Revisiting “the repugnant other” in the era of Trump

Myles Lennon


Anthropology has long challenged etic characterizations of the contradictory other, highlighting the logics of putatively back- ward subjects. Recent punditry on Donald Trump ’ s election echoes this ethnographic imperative, calling on concerned citizens to empathetically listen to the otherized Trump Voter to resolve the alleged contradictions in his worldview. This article calls for a different ethnographic approach to elucidating this confounding political moment. Instead of searching for coherent subjects beneath Red State contradictions, we must explore the ways in which today ’ s caustic politics give a particular shape to the in- consistencies and illogical predilections endemic to the human condition. Drawing from interviews with several Trump sup- porters and anthropological literature on political subjecthood in Argentina, Indonesia, Micronesia, and Sierra Leone, I high- light three ethnographic insights on contradictions that destabilize the alleged “ spectrum ” of deliberative political subjects. In so doing, I situate the United States ’ current political landscape within the broader existential paradoxes salient to human society.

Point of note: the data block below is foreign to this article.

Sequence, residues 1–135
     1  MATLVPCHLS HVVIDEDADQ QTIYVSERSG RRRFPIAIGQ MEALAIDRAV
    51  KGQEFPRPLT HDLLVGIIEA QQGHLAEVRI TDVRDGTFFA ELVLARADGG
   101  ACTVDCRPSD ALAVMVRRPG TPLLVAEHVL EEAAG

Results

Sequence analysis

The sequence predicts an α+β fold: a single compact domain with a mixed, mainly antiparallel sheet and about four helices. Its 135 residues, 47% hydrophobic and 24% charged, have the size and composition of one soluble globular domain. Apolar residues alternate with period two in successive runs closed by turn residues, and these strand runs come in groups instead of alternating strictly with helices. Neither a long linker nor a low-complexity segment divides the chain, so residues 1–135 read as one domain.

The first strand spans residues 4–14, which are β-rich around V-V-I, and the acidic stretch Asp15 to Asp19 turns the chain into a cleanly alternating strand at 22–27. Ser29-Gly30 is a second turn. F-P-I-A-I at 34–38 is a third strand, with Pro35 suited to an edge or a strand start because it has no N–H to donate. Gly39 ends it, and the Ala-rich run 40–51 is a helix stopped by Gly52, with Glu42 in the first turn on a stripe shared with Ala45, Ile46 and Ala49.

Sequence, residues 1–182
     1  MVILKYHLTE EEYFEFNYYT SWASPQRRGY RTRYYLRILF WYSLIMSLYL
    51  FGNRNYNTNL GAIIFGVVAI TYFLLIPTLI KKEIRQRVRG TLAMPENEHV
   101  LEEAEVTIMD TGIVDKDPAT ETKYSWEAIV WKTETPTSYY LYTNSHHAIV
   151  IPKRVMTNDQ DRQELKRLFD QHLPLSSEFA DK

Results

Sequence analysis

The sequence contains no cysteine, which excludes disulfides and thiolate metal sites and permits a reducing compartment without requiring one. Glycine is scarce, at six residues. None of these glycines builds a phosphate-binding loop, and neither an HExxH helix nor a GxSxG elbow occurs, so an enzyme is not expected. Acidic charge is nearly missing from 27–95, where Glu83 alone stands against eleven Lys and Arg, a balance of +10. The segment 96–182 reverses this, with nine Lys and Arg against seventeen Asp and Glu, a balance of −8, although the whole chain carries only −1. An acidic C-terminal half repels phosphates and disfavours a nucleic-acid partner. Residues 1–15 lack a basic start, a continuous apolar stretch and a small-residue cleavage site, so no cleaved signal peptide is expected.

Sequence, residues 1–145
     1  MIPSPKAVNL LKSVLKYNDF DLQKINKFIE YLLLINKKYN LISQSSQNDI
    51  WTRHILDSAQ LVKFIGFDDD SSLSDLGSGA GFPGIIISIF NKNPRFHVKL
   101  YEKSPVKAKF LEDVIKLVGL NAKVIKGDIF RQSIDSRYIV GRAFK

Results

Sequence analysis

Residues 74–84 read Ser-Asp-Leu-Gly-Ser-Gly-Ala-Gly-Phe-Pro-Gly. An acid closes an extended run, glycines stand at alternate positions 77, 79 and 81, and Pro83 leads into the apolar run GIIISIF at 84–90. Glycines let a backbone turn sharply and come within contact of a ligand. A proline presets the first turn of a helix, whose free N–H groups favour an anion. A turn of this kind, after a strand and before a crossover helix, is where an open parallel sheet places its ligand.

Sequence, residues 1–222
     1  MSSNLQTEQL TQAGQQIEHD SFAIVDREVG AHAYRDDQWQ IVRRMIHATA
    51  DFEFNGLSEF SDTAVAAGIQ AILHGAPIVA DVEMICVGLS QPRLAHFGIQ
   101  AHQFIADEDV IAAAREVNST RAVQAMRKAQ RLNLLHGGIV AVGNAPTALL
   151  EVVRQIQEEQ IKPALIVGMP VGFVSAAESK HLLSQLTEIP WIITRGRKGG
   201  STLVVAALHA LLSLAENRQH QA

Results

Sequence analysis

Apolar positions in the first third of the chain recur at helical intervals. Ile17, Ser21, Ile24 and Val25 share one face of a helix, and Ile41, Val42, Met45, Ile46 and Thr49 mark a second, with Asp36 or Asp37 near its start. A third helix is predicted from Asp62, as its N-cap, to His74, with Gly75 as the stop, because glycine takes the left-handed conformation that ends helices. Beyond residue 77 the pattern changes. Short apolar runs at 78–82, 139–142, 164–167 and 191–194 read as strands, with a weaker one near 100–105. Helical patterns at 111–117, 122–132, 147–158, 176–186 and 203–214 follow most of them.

Trump, contradiction, political anthropology, the repugnant other

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DOI: https://doi.org/10.1086/700979